The most damaging of the regulatory changes introduced in 2008 was not the FSIL itself but the accompanying amendments to the Subsoil Law (SL). Having defined hydrocarbon and other mineral deposits of any reasonable size (greater than about half a billion barrels of oil and a mere 50 bcm of gas) as “strategic”, these SL amendments go on to ban any foreign investor controlling such deposits and, worst of all, state that a foreign investor involved in E&P operations (even if only as a minority with a 10 per cent stake) may be deprived of the right to produce from deposits which, as a result of the exploration carried out by that investor, prove large enough to be strategic. The compensation provisions for such cases are also clearly inadequate. What makes this serious disincentive to foreign investment in the extractive sectors highly relevant to the new Rosneft-BP deal is that it also applies to foreign investors partnered with a Russian state-owned company (i.e., the “safe harbour” Art. 2.7 of the FSIL does not extend this far). So unless I am missing something, BP’s proposed cooperation with Rosneft on exploring three blocks in the Arctic will only make sense if these rules are relaxed.
I assume that Putin reiterated to Bob Dudley his previously stated intention to do just that. For the past year or more, officials such as the Natural Resources Minister Yury Trutnev have flagged plans to ease various FSIL/SL restrictions, and these signals have subsequently been repeated in public by Putin himself – notably at the VTB Capital conference in Moscow last October, when he replied positively to a request from Prosperity Capital’s Alexander Branis to close the FSIL loophole which has allowed oligarchs to abuse minority shareholder rights, and most recently at the last meeting of the Government Commission for Control over Foreign Investments on 29 December.
The second – and more general – obstacle to the success of Russia’s charm offensive on foreign investors is quite simply that the overall investment climate fails to charm. This failure is partly down to specific problems such as those with the FSIL/SL. But I think the problem also goes deeper. In the much tougher global environment since 2008, Russia will have to do that much more to prove itself. Regardless of the accuracy of perceptions that high levels of corruption are getting even higher, the reality of entrenched and brazen corruption wears down and discourages potential investors.
This effect is crystallized by negative newsflow. The Khodorkovsky affair acts mainly on portfolio investment – not so much driving out portfolio investors already experienced in Russia and capable of seeing the Khodorkovsky trial outcome in perspective, but rather by deterring incremental portfolio investment flows which might otherwise be attracted by Russian asset valuations but for the perception of intolerably high risks. As far as strategic investment is concerned, the equivalent damage (i.e. to the perceptions of companies not yet present in Russia as opposed to those already on the ground which, surveys show, are generally happy with the risk-reward balance) is done by public scandals affecting foreign companies. A recent example has been IKEA suspending shopping mall developments rather than accept bribe demands; but perhaps the most lasting damage to perceptions was the conflict between the TNK-BP shareholders in 2008 and the spectacle of Bob Dudley being hounded out of the country (even if, in reality, top Russian government officials used their influence to promote the compromise as a result of which BP suffered no fundamental losses). Things I have heard in the past year make me convinced that but for the resulting high risk perceptions, there would have been major FDI announcements in Russia well before the Rosneft-BP tie-up which has now been unveiled.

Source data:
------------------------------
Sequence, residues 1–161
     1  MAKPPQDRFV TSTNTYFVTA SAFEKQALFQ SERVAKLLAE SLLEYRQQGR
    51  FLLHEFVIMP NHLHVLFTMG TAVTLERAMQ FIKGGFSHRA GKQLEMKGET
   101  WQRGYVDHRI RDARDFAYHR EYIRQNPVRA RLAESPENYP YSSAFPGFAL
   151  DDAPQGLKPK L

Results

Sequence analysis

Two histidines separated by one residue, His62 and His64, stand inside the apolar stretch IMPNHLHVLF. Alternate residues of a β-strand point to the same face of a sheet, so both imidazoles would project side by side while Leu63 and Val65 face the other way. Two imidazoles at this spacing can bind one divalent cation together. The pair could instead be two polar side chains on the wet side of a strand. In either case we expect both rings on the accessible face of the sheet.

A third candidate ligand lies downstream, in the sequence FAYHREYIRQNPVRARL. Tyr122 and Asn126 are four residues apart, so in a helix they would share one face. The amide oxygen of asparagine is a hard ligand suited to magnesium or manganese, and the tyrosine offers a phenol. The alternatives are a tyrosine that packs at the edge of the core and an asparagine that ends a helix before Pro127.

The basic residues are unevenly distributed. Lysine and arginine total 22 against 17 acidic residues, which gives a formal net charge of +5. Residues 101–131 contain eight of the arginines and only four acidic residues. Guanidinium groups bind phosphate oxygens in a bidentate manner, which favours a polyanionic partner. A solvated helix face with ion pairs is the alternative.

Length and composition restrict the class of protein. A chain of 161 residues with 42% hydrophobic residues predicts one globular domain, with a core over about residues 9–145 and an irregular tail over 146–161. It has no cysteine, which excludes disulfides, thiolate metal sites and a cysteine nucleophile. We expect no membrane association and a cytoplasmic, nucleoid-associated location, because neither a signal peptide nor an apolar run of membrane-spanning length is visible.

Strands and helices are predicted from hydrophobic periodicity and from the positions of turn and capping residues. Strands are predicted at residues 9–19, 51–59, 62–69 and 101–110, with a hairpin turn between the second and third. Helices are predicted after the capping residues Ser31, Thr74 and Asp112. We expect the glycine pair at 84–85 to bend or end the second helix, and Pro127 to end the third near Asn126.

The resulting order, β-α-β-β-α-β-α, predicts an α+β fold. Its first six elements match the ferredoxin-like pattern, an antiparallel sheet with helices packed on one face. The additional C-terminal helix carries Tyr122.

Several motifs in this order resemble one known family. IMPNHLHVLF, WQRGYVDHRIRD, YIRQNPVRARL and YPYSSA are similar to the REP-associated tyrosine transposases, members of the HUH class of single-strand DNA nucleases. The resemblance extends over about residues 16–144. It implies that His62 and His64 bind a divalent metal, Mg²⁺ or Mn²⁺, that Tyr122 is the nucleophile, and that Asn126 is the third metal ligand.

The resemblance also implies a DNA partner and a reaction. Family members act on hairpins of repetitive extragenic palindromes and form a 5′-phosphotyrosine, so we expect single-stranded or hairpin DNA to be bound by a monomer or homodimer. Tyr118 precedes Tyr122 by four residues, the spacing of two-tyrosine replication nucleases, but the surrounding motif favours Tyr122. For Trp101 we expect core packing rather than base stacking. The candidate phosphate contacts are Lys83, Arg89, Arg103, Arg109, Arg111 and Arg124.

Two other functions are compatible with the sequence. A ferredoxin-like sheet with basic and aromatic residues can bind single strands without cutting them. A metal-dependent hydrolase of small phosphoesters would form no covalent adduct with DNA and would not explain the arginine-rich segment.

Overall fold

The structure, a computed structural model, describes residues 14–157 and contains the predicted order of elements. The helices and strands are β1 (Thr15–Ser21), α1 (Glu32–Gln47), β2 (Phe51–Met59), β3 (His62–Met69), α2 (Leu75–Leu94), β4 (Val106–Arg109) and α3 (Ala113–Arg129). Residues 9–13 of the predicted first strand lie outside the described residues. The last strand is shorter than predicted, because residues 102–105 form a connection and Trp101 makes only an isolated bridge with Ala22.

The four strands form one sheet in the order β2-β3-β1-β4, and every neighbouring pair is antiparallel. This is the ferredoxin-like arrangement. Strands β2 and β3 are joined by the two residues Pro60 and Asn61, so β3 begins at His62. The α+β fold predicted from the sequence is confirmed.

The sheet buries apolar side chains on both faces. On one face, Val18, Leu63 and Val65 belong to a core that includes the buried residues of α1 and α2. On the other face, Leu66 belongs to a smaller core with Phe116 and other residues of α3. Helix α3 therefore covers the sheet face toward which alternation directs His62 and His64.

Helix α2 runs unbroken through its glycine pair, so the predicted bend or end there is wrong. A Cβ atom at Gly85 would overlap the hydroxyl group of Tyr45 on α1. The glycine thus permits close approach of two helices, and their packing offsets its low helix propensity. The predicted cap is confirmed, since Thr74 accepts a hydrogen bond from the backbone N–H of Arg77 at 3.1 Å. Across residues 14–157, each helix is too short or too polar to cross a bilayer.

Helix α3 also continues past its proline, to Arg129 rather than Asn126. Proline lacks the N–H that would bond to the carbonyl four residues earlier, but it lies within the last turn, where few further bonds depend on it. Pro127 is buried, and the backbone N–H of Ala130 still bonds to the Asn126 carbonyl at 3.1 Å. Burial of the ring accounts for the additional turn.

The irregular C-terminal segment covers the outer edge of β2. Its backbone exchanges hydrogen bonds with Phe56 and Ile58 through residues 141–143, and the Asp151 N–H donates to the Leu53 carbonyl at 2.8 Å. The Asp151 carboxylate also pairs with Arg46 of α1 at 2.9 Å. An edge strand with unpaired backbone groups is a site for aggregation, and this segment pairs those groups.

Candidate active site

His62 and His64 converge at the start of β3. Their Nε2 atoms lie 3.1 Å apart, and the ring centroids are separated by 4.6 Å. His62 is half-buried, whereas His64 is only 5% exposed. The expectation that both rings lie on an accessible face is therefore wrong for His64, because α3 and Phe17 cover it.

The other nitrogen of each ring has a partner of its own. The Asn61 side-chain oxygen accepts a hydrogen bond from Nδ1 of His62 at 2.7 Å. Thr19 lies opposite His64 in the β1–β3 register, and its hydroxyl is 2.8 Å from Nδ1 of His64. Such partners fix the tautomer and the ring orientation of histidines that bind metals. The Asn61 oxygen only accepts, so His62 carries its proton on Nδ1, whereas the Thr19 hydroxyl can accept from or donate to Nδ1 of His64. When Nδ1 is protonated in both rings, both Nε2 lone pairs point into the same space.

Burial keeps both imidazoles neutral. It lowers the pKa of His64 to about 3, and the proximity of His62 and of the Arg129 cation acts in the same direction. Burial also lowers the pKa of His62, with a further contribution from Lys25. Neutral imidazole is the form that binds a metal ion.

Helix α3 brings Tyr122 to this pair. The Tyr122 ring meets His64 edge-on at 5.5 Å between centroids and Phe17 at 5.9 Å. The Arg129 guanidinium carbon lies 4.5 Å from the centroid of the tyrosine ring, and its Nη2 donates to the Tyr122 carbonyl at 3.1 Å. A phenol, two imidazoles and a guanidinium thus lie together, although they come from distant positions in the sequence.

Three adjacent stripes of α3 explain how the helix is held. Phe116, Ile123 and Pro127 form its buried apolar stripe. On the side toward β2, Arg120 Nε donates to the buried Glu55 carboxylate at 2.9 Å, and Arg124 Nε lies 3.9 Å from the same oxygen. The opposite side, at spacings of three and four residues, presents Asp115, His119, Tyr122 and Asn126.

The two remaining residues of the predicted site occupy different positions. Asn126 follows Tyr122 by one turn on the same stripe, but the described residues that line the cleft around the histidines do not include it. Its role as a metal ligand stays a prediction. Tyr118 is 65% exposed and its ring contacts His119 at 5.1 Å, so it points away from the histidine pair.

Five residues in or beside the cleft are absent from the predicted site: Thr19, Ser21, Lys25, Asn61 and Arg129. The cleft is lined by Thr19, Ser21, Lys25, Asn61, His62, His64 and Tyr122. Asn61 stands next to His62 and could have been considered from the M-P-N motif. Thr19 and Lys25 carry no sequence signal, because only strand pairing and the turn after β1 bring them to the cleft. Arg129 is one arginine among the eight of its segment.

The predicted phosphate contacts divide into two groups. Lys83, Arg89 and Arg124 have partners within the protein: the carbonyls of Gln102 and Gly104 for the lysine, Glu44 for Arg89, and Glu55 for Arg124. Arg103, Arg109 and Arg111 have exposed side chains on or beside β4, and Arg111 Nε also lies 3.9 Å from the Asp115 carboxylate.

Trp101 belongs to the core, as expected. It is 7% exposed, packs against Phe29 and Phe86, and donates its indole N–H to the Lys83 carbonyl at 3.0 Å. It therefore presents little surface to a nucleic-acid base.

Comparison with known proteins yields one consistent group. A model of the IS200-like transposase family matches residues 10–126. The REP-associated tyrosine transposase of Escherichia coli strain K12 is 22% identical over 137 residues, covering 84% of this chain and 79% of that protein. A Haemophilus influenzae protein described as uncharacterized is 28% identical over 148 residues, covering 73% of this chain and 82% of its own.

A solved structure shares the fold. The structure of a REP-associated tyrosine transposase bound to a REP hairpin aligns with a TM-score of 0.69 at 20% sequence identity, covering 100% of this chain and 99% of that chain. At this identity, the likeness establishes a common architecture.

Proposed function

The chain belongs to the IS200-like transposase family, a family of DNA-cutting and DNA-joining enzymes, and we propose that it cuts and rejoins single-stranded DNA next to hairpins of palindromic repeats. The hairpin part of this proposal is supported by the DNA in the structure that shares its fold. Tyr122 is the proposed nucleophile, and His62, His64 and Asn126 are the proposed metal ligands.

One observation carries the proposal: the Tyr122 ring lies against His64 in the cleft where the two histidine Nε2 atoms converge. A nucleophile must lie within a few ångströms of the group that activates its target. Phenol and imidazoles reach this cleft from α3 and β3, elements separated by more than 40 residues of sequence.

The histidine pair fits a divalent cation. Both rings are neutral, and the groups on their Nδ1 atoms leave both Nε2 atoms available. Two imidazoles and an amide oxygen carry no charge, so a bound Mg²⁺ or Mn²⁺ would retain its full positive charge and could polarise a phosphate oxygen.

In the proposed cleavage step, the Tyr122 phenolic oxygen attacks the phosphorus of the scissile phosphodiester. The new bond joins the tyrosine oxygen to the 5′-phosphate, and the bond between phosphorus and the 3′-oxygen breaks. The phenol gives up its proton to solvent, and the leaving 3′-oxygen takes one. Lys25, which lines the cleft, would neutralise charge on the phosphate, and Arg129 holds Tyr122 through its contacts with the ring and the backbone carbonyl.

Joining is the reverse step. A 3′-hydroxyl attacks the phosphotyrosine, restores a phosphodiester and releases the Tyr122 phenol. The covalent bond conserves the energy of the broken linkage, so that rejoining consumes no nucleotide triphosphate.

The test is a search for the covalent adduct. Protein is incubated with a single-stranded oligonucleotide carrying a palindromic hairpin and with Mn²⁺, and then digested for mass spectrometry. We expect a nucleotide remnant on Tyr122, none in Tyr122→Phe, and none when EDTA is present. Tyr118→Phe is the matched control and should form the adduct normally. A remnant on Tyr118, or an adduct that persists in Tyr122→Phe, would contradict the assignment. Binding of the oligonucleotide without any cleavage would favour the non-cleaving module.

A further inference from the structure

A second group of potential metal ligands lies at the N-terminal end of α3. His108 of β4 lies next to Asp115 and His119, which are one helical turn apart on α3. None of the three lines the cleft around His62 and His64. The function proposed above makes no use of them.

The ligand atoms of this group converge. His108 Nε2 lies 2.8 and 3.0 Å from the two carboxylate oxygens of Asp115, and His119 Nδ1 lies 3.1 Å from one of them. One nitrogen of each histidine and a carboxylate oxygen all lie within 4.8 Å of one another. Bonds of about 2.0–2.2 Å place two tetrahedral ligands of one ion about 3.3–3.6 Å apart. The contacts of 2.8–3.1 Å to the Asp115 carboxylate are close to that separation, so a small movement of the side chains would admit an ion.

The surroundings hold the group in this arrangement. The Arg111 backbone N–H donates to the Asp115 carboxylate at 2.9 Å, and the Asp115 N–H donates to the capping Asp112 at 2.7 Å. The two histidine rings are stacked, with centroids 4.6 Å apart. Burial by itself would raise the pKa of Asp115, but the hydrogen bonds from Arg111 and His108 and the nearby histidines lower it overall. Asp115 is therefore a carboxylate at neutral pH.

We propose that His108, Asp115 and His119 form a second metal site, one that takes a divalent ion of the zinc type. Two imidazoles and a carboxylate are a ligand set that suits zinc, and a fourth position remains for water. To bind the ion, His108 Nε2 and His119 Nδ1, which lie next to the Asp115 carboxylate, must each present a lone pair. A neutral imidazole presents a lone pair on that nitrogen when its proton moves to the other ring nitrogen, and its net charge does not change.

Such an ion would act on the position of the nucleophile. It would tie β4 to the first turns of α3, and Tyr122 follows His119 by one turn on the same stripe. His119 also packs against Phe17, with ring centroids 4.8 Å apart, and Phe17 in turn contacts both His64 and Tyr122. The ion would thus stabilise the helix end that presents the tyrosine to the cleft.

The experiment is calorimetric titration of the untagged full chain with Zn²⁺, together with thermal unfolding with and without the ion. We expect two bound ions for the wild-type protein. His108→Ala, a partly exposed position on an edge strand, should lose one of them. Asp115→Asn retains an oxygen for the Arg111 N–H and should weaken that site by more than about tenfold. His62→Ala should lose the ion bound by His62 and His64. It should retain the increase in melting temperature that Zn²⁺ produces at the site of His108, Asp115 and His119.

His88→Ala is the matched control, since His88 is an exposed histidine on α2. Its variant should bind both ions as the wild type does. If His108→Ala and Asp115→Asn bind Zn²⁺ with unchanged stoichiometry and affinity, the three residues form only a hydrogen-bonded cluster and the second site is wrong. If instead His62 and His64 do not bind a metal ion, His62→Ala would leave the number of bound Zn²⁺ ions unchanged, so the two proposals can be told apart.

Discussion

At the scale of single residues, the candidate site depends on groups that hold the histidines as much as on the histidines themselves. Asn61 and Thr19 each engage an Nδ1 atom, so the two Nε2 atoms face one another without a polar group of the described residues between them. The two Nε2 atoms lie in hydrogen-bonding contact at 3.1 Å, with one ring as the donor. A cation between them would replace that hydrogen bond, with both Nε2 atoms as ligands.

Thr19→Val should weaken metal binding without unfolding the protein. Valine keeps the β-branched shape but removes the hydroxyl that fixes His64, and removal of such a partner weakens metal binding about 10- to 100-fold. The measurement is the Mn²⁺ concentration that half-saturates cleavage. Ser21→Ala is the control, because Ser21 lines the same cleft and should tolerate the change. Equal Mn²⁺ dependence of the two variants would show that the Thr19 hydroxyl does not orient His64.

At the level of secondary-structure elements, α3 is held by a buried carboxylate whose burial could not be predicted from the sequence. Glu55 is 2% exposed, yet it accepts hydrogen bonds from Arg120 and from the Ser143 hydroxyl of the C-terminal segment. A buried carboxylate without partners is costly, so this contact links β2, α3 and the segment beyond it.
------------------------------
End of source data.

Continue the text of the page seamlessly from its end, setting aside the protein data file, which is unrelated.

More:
During 2011, I expect the Russian leadership to focus more strongly and effectively on these problems – that is, facilitating the means to the end of higher FDI. An immediate incentive is the success of the new privatization programme (and the Rosneft-BP deal is relevant to that as well). But the underlying imperative is to increase the country’s investment rate. The key practical action to watch for is the amendment of the FSIL/SL as described above – which would give a fair wind to the Rosneft-BP alliance and help attract more FDI in its wake. I predict that these amendments will have become law by the end of the Duma’s “spring” session in late June. More generally, I think we will see explicit efforts to compensate for developments which depress investor sentiment. There is nothing new here. The timing of the liberalization of the Gazprom share market to coincide with the climax of the Yukos affair in late 2004 was patently designed as a sop to portfolio investors. Likewise now, it was on the day after the Khodorkovsly trial judge gave his guilty verdict that Putin convened the semi-annual meeting of the Government Commission for Control over Foreign Investments – and used the occasion to reaffirm plans to relax the FSIL/SL as well as talking up the PepsiCo acquisition of Wimm-Bill-Dann.
POSTSCRIPT: I cannot understand why this deal was on the Commission’s agenda. While food may be central to national identity in France (as reflected in President Chirac’s criticism in 2006 of Coca Cola’s rumoured designs on Danone), food processing is not defined as a strategic sector in Russia’s FSIL. I would be grateful if anyone could put me right on this.